Healthy discourse and opposing opinions

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Healthy discourse and opposing opinions

Photo by: Sumin Kim

Photo by: Sumin Kim

Photo by: Sumin Kim

Jake Brien, Commentary Editor

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I’m just worn down. I’m tired. I’m fed up with people acknowledging the political divisions in this country while simultaneously shouting into a megaphone about how everyone else is stupid for not having the same beliefs. I hope that someone reading this has the sense to turn off a pre-memorized vocabulary of inflammatory rhetoric for a few moments and to just take a moment to breathe.

Some students may not realize it, but Bowie is preparing us both academically and socially for the real-word. In most cases, teachers may not grade us for how we share our opinions to other students during class, but students themselves learn from the mistakes and successes when it comes to the most vocal of their peers. Oftentimes, it feels like we fail to acknowledge the fact that any opinion sharing, whether positive or negative, helps us grow as people.

Now, I hate getting into the habit of checking my phone every 30 seconds, but what I hate more is hypocrisy. It’s very rare for me to see two students having different political views and for each person to listen politely. Everyone is entitled to free speech, but that doesn’t give us the right to expect someone to hear us out and then interrupt when the other person shares his/her own differing opinion.

We pride ourselves at Bowie for having a diverse student body. Why not a diverse set of options? I’m a political centrist, so I hold many of my views in the middle of the spectrum. For many centrists, it feels as though we don’t often have a say in politics because we’ll be labeled as pro-democrat or pro-republican when we defend the other side in an argument.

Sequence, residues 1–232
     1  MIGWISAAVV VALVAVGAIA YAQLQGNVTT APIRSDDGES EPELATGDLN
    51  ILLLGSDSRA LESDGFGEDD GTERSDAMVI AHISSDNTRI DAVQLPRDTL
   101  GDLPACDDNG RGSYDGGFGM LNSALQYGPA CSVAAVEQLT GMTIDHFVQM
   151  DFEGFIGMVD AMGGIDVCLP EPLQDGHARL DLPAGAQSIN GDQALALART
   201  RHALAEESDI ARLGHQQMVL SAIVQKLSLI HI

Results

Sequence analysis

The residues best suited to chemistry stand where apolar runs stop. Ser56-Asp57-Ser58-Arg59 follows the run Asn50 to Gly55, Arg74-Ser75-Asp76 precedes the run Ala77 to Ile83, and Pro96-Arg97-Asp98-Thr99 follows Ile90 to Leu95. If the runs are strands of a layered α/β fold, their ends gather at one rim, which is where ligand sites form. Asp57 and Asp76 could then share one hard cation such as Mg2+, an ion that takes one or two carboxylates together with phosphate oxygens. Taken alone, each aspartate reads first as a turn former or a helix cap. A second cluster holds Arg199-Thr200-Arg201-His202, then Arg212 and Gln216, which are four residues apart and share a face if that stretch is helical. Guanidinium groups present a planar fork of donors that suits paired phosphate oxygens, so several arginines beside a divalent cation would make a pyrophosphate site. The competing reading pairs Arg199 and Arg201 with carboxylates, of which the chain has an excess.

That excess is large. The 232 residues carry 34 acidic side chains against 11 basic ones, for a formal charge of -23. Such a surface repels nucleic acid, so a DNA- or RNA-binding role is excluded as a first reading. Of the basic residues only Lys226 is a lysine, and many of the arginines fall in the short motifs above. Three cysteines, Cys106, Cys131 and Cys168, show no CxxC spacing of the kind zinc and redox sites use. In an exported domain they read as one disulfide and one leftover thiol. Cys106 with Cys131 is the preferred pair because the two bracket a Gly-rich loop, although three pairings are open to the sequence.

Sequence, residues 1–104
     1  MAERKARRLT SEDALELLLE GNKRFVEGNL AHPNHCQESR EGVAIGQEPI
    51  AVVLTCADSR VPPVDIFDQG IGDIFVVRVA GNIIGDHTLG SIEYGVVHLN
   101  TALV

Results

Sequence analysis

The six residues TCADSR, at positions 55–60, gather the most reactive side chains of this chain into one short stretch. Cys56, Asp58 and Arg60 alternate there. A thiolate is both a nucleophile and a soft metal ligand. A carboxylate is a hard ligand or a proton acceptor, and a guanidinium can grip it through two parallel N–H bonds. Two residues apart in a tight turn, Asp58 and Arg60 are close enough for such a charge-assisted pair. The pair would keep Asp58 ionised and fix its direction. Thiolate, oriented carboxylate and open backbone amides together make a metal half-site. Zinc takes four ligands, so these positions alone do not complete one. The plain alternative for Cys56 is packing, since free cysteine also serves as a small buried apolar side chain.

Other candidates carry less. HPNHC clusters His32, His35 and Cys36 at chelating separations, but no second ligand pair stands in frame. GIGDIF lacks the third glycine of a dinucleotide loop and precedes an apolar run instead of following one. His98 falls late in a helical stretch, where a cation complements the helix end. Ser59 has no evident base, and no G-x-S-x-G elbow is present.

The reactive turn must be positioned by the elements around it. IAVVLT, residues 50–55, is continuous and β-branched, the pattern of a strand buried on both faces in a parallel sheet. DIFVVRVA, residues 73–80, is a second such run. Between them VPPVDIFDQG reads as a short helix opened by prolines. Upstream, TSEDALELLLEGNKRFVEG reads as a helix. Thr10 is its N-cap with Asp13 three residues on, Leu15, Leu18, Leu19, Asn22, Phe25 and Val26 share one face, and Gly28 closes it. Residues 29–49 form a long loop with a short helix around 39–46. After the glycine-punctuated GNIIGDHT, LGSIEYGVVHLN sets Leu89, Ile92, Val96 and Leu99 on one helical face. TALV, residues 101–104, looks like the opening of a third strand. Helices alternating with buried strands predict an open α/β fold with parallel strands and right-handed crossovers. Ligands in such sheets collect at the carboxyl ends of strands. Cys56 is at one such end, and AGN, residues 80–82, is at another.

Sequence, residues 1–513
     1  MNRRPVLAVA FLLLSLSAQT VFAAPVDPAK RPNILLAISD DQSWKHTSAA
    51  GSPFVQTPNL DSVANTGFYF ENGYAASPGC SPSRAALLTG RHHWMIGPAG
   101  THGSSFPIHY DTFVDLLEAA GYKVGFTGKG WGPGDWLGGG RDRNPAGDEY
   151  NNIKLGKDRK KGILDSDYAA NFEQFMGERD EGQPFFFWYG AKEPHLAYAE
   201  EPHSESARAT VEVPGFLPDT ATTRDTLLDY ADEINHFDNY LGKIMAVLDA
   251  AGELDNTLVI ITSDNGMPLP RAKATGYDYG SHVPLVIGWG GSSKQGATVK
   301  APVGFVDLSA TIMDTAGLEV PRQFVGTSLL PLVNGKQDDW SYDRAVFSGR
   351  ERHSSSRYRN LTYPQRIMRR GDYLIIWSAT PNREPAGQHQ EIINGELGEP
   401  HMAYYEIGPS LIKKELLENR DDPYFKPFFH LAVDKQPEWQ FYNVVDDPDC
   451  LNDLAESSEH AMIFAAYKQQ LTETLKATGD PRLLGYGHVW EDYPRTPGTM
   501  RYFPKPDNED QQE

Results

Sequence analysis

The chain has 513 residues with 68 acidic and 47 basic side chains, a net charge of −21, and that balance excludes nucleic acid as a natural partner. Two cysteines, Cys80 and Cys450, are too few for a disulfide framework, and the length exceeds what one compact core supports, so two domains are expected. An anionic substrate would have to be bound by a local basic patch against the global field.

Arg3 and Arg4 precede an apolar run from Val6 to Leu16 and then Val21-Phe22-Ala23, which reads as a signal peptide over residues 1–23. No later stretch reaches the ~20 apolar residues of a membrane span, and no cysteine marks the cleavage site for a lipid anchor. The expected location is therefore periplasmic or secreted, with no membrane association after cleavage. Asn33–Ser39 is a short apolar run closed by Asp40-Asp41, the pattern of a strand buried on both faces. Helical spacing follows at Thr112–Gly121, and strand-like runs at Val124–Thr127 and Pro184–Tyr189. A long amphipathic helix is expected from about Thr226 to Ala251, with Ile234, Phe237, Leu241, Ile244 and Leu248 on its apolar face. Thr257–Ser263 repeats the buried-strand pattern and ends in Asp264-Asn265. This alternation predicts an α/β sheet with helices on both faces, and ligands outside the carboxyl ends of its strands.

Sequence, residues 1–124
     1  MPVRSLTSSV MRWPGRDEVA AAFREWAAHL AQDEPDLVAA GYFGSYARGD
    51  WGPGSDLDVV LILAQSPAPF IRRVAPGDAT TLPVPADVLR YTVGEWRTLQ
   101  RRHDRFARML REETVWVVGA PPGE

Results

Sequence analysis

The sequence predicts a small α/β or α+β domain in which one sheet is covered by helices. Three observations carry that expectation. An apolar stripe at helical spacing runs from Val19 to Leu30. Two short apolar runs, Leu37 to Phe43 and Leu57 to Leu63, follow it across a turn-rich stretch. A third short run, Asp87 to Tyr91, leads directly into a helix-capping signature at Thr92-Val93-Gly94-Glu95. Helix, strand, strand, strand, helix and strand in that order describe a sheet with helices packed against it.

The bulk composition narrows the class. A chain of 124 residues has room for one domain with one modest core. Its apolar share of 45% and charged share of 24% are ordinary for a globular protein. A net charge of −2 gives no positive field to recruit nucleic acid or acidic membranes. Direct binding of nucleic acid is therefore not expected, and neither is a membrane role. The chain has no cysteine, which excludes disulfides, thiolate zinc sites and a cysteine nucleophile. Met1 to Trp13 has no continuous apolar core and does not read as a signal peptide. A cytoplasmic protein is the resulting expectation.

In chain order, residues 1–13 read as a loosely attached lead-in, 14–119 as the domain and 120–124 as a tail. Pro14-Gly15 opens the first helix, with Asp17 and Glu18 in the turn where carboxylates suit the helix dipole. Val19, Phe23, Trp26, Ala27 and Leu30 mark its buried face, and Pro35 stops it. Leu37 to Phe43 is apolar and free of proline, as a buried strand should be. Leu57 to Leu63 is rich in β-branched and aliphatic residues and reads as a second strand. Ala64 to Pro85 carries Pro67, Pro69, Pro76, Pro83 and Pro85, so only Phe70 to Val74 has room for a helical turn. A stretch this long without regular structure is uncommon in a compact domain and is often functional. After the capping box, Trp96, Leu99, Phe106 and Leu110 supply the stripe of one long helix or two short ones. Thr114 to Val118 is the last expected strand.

In today’s hectic climate of politics, I believe that many of us could benefit from being more open-minded and could learn a thing or two from one another before we jump to harsh rhetoric and judgement. It’s our job as the next generation of voters to do better than our current policy makers. I just hope that any future government shutdowns don’t last quite as long — I believe we can do better than the current politicians in this regard.

Political parties are a foundation of our modern policy making. Because of the lack of direct-democracy within this country, Americans use representatives that reflect their beliefs. Given that millions of people identify with their own unique political parties, it’s illogical to assume that these complex coalitions of voters are all idiots, racists, socialists, environmentalists, homophobes, fourth wave feminists, or otherwise. Some Democrats identify with Antifa and some Republicans identify with nationalism. However, this does not mean that all Democrats and Republicans are extremists.

The last thing I would want to do is give the impression that my bias is something that’s not affecting my outlook on the party system. Truthfully, I don’t like the party system, but I understand its significance in our government. I would associate myself as a political centrist with mixed opinions. To me, centrism isn’t merely being fifty-fifty on every issue facing Americans, it’s a philosophy about keeping and open mind to both sides of each argument.

Politics is something anyone can jump into. There are many free news apps out there, along with the daily NPR news podcasts. It wouldn’t hurt to download political apps from both the right and the left to recognize that people with differing opinions are just people with opinions. Many students may not enjoy discussing politics, and that’s fine, but I would ask those people to recognize what is healthy opinion sharing and what is unhealthy.

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